Date of Paper/Work
Doctor of Psychology (Psy.D.)
Type of Paper/Work
Christopher Vye, Nathaniel Nelson, Kenneth Abram
The five senses orient us to the elements of the surrounding environment, making it possible to distinguish between danger, safety, and everything in between. But what about our ability to sense what is happening inside our bodies? This less well-known ability is called interoception and involves sensing internal physiological signals (via afferent or ascending pathways), interpreting and integrating these signals in the brain which can then send signals to help regulate physiological systems (via efferent or descending pathways). The primary structure implicated in the “interoceptive nervous system” is the insular cortex—an area of the brain that serves many different purposes from sensory processing to emotion processing to facilitating complex social functions like empathy. Researchers have examined interoceptive ability with a focus on different systems, including gastrointestinal functions or gastroception, excitation of the sympathetic nervous system via adrenergic stimulation, respiratory load including dyspnea (i.e., shortness of breath), and most commonly, cardiac interoception or cardioception. Interoceptive dysfunction has also been implicated across several diagnostic categories of psychopathology, highlighting the importance of understanding the relationship between interoception and emotions to inform mental health professionals’ selection of effective interventions. This original contribution to practice reviews the literature examining the relationships between interoception, emotions, and mental health, argues for teaching the transdiagnostic relevance of interoception to counselors-in-training, and presents a preliminary framework for a single class curriculum on the subject.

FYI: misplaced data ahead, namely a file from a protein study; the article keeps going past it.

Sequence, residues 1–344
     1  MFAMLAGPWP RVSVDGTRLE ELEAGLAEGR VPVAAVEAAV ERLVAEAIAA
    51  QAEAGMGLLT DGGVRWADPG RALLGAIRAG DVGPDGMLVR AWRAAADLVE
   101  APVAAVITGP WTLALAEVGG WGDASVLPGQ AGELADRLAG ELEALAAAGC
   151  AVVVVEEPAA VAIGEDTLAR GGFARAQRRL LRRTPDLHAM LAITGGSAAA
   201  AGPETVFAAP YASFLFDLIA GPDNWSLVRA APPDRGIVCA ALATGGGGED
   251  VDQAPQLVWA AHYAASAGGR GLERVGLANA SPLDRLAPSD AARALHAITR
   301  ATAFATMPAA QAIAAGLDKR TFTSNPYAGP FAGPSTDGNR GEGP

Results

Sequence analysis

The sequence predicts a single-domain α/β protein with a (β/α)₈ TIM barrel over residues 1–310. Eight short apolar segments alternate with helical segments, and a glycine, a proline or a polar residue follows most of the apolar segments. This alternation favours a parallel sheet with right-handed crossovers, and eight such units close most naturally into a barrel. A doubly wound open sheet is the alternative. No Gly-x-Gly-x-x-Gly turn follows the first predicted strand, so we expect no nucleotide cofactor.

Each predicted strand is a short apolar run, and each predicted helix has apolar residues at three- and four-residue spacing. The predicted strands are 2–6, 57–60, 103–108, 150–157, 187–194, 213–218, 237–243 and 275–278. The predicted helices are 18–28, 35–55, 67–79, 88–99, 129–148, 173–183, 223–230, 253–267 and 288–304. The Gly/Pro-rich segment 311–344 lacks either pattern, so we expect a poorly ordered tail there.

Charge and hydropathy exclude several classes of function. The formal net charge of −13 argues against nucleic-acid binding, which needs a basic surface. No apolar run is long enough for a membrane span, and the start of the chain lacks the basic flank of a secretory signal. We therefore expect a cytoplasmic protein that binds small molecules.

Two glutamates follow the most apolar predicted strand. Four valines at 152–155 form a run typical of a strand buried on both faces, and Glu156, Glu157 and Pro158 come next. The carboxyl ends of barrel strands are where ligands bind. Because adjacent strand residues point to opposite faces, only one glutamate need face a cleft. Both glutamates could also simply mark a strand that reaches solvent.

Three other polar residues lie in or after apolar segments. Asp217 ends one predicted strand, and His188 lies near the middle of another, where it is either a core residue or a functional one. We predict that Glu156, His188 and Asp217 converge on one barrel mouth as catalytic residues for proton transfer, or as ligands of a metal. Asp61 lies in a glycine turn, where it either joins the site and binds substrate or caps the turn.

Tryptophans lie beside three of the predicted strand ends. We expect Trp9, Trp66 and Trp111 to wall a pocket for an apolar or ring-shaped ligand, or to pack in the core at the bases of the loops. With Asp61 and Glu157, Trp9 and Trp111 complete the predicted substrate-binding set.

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Johnson, Stacey R. G., "Interoception, Emotions, and Mental Health: Implications for Training Counseling Psychologists" (2022). Professional Psychology Dissertations 2015-. 87.